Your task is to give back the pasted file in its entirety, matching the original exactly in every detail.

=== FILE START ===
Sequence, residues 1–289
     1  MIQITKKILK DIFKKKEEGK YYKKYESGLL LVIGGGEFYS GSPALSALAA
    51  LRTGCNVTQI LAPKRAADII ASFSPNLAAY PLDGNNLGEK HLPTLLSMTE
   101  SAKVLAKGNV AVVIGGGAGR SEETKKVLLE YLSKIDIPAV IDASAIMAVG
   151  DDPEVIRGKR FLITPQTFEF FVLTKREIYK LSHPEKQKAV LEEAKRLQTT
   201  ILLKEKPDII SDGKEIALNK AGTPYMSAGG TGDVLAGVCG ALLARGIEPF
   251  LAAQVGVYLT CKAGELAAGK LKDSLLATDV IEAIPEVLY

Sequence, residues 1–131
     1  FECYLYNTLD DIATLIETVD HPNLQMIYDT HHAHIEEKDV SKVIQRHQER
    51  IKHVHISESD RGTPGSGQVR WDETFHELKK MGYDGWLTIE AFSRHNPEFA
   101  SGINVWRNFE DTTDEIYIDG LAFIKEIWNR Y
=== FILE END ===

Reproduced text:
Sequence, residues 1–289
     1  MIQITKKILK DIFKKKEEGK YYKKYESGLL LVIGGGEFYS GSPALSALAA
    51  LRTGCNVTQI LAPKRAADII ASFSPNLAAY PLDGNNLGEK HLPTLLSMTE
   101  SAKVLAKGNV AVVIGGGAGR SEETKKVLLE YLSKIDIPAV IDASAIMAVG
   151  DDPEVIRGKR FLITPQTFEF FVLTKREIYK LSHPEKQKAV LEEAKRLQTT
   201  ILLKEKPDII SDGKEIALNK AGTPYMSAGG TGDVLAGVCG ALLARGIEPF
   251  LAAQVGVYLT CKAGELAAGK LKDSLLATDV IEAIPEVLY

Sequence, residues 1–131
     1  FECYLYNTLD DIATLIETVD HPNLQMIYDT HHAHIEEKDV SKVIQRHQER
    51  IKHVHISESD RGTPGSGQVR WDETFHELKK MGYDGWLTIE AFSRHNPEFA
   101  SGINVWRNFE DTTDEIYIDG LAFIKEIWNR Y